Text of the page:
U.S. nuclear-powered submarine arrives in S. Korea for joint drill
A U.S. nuclear-powered submarine arrived in the southeastern port city of Jinhae for joint naval drills with South Korea, military officials said Friday, in a move seen as a warning to North Korea ahead of what may be an imminent nuclear test.
USS San Francisco (SSN-711), a 6,800-ton Los Angeles-class submarine, has been anchored at a naval base in Jinhae, 410 kilometers southeast of Seoul, since Thursday to prepare for joint drills slated for next week, the Joint Chiefs of Staff (JCS) said.
A 9,800-ton cruiser equipped with missiles and torpedoes as well as naval combat helicopters also arrived in the southern port city of Busan, on the same day, it said.
USS SAn Francicos (SSN-711) anchored at a naval base in Jinhae for joint drills with South Korea ahead of North Korea’s planned nuclear test. (Yonhap)
The port call came as tensions rose on the Korean Peninsula after the North last month warned of a nuclear test in response to the U.N. Security Council’s increased sanctions on Pyongyang for its December rocket launch.
A new nuclear test would mark the North’s third since two previous tests in 2006 and 2009.
The two U.S. ships and 10 Korean warships, including Aegis destroyers and battle ships, will carry out the joint exercises in the East Sea to test combat readiness between the two sides, the JCS said, though a specific date has not yet been confirmed.
In a visit to the naval base in Jinhae, JCS Chairman Jung Seung-jo said Thursday the North has nearly completed its preparations for a nuclear test at its Punggye-ri testing location, noting increased activity spotted by satellites near the nuclear site.
“We are closely looking into whether (increased activity) is a manipulating tactic or preparations for a nuclear test indeed,” Jung told reporters, during a tour of the submarine. “The North is ready to conduct an atomic test at any time if the leadership makes a decision.”
Jung Seung-jo, the Chairman of Joint Chiefs of Staff, visits a naval base in the southeastern city of Jinhae. (Yonhap)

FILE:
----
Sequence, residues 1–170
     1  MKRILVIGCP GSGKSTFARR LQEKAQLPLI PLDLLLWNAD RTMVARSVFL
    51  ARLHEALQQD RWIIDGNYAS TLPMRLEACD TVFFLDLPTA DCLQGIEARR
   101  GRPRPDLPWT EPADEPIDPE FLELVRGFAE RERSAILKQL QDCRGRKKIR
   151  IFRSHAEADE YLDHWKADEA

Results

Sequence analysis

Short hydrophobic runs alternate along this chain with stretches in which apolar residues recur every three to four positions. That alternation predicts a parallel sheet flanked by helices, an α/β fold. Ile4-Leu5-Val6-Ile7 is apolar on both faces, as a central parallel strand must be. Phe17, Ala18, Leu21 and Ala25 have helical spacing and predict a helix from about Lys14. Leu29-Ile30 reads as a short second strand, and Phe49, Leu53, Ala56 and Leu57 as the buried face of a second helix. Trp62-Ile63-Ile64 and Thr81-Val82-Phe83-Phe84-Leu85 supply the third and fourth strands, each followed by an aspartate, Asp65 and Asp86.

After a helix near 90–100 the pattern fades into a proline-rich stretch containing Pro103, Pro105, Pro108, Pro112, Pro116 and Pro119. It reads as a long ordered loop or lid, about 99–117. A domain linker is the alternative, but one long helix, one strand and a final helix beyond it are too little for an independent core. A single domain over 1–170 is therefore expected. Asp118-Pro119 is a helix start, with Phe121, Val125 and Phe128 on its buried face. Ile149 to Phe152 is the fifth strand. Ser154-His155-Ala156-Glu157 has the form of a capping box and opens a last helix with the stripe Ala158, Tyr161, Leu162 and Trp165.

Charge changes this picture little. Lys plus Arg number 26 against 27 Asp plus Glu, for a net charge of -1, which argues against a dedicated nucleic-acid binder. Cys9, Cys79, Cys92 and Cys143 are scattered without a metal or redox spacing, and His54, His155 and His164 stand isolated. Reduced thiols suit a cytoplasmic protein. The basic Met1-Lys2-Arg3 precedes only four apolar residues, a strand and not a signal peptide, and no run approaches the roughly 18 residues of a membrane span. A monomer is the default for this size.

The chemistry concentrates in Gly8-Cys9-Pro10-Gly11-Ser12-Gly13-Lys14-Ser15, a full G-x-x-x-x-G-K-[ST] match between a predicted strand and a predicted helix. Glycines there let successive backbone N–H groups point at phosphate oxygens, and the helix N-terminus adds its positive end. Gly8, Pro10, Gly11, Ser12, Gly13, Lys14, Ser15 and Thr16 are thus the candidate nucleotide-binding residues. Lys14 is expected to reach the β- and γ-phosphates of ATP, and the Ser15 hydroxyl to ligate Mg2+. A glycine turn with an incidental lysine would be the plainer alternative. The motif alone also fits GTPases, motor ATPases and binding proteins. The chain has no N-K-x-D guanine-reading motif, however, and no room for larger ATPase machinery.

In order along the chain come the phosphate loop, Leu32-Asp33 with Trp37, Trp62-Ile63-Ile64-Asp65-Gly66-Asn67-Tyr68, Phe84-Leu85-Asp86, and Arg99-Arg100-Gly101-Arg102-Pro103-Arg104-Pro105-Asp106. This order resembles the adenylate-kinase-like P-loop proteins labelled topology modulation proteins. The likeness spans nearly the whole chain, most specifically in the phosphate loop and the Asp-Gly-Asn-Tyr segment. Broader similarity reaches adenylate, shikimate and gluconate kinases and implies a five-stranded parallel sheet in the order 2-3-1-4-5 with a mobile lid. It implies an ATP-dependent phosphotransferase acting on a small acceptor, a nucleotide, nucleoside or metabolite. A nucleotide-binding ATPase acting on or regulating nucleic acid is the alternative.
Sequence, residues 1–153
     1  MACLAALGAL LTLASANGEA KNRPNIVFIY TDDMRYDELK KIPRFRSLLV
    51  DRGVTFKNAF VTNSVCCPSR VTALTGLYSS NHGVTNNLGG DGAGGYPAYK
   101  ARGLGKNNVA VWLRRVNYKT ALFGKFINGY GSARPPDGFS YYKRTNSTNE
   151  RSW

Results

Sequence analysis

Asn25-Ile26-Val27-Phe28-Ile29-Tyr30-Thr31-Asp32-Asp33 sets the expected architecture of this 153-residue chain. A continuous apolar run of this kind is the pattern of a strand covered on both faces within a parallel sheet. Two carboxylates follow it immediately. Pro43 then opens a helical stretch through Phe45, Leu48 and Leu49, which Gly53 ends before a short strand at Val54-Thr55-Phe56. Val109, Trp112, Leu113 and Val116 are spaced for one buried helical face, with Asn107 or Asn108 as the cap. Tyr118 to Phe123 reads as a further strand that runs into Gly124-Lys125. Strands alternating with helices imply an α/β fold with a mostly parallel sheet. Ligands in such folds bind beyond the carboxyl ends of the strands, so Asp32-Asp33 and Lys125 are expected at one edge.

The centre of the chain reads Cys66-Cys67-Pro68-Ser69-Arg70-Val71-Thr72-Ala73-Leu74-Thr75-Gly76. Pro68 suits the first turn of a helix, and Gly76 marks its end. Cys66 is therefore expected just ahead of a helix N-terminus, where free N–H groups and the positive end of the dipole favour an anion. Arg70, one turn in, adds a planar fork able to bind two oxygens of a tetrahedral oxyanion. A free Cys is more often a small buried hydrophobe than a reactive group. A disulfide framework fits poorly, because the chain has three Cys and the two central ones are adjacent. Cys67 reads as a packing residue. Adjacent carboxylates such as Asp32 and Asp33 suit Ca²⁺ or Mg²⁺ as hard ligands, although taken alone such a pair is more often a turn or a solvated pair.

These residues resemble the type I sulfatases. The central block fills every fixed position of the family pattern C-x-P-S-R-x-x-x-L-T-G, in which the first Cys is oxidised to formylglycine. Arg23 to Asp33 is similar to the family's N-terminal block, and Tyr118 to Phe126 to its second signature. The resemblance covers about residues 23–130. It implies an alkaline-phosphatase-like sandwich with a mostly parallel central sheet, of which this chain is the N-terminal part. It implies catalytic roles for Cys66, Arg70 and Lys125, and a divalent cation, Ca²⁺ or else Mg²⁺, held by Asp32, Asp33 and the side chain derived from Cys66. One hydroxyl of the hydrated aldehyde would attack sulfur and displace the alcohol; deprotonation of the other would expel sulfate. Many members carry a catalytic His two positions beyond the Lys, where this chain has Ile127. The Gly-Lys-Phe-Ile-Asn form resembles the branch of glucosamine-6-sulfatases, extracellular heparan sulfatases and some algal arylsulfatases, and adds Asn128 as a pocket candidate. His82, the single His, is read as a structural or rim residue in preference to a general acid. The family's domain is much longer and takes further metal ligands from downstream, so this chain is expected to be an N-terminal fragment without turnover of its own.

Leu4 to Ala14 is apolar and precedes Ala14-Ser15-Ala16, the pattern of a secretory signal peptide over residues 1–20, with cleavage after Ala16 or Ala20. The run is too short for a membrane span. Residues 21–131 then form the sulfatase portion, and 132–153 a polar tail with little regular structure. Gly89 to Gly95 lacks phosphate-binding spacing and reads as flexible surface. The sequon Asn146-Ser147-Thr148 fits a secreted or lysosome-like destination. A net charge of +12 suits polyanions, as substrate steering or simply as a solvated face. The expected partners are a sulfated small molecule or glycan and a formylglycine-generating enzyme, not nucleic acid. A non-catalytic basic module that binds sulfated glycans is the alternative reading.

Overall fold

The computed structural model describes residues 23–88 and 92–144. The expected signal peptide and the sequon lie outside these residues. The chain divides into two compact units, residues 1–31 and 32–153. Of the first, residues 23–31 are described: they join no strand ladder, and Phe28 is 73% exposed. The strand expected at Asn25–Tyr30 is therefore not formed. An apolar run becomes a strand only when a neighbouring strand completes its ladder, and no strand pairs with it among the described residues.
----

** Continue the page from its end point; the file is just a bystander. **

Although U.S. nuclear-powered submarines have occasionally made port calls in the past, Jung said the latest visit is “meaningful because it is for joint drills.”
“The upcoming drill, which had already been planned, is not targeted for (North Korea’s) nuclear test,” Jung told reporters, adding that the exercise is aimed at coping with possible North Korean provocations involving submarines.
Jung did not elaborate when the two sides had agreed on the exercise plan.
Military officials in Seoul expect the exercise will show their determination to respond sternly if the communist nation defies a chorus of international warnings.
“Although it is a pre-planned exercise, this upcoming joint drill will send a message to North Korea that any misbehavior will not be overlooked,” the official said, asking for anonymity due to sensitivity of the issue.
After the North warned of “substantial and high-profile important state measures,” senior military officials have visited front-line units to order vigilance in an effort to add pressure on the isolated state to drop the test plan, which is feared to raise tensions on the Korean Peninsula.
In a meeting with top security ministers Thursday, President Lee Myung-bak warned of “grave consequences” if Pyongyang moves forward with the test, urging the defense minister, spy chief and national security advisers to maintain strong military preparedness against any provocations from the North.
About 28,500 American troops are stationed in South Korea as a deterrence against North Korea, after the 1950-53 Korean War ended in a truce, not a peace treaty.